Get Inspired - Ideas

Get Inspired

Reimagining Education Breakfast

2 November 2017: posted by BigChange

In September Big Change convened a group of leading thinkers, influencers and policy experts from across a diverse range of sectors for a breakfast hosted by Lord Jim Knight, Andreas Schleicher (OECD), and Holly Branson to discuss the future of education. Led by Andreas’s insights from his work across international education systems, a number of important themes and priorities emerged for those of us who are advocating for change.

When it comes to the design of education systems we fundamentally need to get away from the notion of sorting human talent towards building and developing all human talent – we need everyone to be able to contribute and participate and to build positive futures for themselves. Yet current school practices such as tracking, streaming and grade repetition are devices which create winners and losers in the exam attainment game, where some young people are seen as successes and others failures. In England for example, 40% of each cohort every year fails to achieve well in school due to the way that the assessment system is structured, and where academic attainment is all that is valued. This mentality hugely impacts on young people’s identity, behaviour, and self esteem, as well as their desire to seek out learning in later life.

Consensus is emerging across education systems around the need for both subject centric learning in schools (knowledge domains such as maths and english and science) and also interdisciplinary instruction which develops core skills and competencies for the future. The importance of developing human talent is increasingly being seen through the lens of promoting student agency, and combined with this culture shift away from seeing learners purely as recipients of  predetermined subject knowledge, rather co-creators, designers and makers. Schools need to be much more connected to the world outside of the classroom, and particularly the world of work. Big Change is leading thinking around this through our support for projects which are broadening horizons for young people, and developing oracy skills – and there is mounting evidence that non-cognitive skills such as communication, collaboration and team working are most sought after by employers when recruiting.

Parents also have huge part to play in supporting this shift in approach, and often recognise the flaws of the current system in solely focussing on and valuing academic attainment. Parents also worry about the ‘exam factory’ model of school and their childs wellbeing, but have a deep fear of change and the risk of their child losing out. There is uncertainty around what change will mean, and advocacy needs to form a key part of all of our work in reducing the fear of change and inspiring a positive vision for the future of education. Big Change is currently working with Sundog Pictures and Think Global Schools to develop a documentary focusing on changing the hearts and minds of parents, and we will also be exploring many of these themes in our upcoming publication Redefining Success, which thinks much more expansively about what success and achievement looks like in education and life.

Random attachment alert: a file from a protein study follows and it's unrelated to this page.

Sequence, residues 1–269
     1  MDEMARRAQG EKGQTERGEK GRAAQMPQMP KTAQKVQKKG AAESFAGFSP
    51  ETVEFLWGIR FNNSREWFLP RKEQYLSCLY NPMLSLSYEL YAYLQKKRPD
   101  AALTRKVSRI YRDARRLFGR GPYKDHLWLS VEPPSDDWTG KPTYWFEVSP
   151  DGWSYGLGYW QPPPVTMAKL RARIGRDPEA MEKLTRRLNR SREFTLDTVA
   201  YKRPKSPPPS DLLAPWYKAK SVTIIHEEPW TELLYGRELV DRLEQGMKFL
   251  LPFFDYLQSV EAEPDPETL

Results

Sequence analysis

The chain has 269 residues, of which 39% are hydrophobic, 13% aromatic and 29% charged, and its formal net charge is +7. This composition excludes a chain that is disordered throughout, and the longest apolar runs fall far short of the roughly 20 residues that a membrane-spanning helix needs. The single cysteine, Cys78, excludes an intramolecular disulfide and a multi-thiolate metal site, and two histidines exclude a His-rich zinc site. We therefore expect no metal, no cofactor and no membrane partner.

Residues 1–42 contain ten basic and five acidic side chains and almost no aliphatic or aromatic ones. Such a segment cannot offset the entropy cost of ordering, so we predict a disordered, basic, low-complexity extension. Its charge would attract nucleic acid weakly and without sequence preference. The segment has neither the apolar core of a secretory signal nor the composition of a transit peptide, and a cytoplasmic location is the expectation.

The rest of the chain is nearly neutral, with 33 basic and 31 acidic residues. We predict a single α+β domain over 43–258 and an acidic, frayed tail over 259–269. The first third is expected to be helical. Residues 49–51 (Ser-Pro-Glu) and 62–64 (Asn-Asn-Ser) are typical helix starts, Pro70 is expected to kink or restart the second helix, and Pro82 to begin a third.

Supporting teachers and creating a strong climate for professional development and collaboration is also a hallmark of the highest performing education systems – and we need to develop strong professional learning cultures in schools, moving towards a notion of teacher education rather than teacher training which gives teachers more ownership and agency. Often teachers tend to work in isolation, very few have anyone talking to them about professional practice development, which results in poor cultures in schools, stress, and high teacher burnout and attrition rates. Plus it means that there is a significant lack of capacity in the system to adapt and evolve. Creating a strong profession is vital as the quality of teaching and those relationships in the classroom is one of the biggest determinants in a childs education success, and we can all look back at our time in school and recognise those teachers who have inspired us and helped shape the paths we are now on. Teacher wellbeing is a big part of Big Change’s work and we are really excited to be supporting the new Institute for Teaching and The Difference this year, both programmes which are rethinking teacher professional development and leadership training routes through the profession. Early years education was also highlighted as an area where there is huge opportunity to learn from quality teaching practice and pedagogy development. 

Looking to the future a key question therefore is how we can mobilise the ‘experimental low key genius’ of teachers, and enable them to be the system drivers, designers and shapers, with greater ownership and gains. Place is an interesting dimension in this context with the potential for the creation of new localised ‘innovation ecosystems’ especially in the context of regional devolution in England and the advent of elected Mayors and City Leaders who are becoming powerful advocates and drivers of policy and local collaboration at City Region level. We need to open up our education systems much more to outside innovators, and create more space for entrepreneurship and new forms of collaboration, bringing new skillsets and voices into the system. Big Change’s commitment to supporting pioneers and those leading the way in developing new approaches who might not otherwise meet the thresholds of other funders will continue to be really important for our strategy. And especially given a lack of risk taking and inertia in the system can stifle experimentation and positive change. Big Change requires big thinking and action!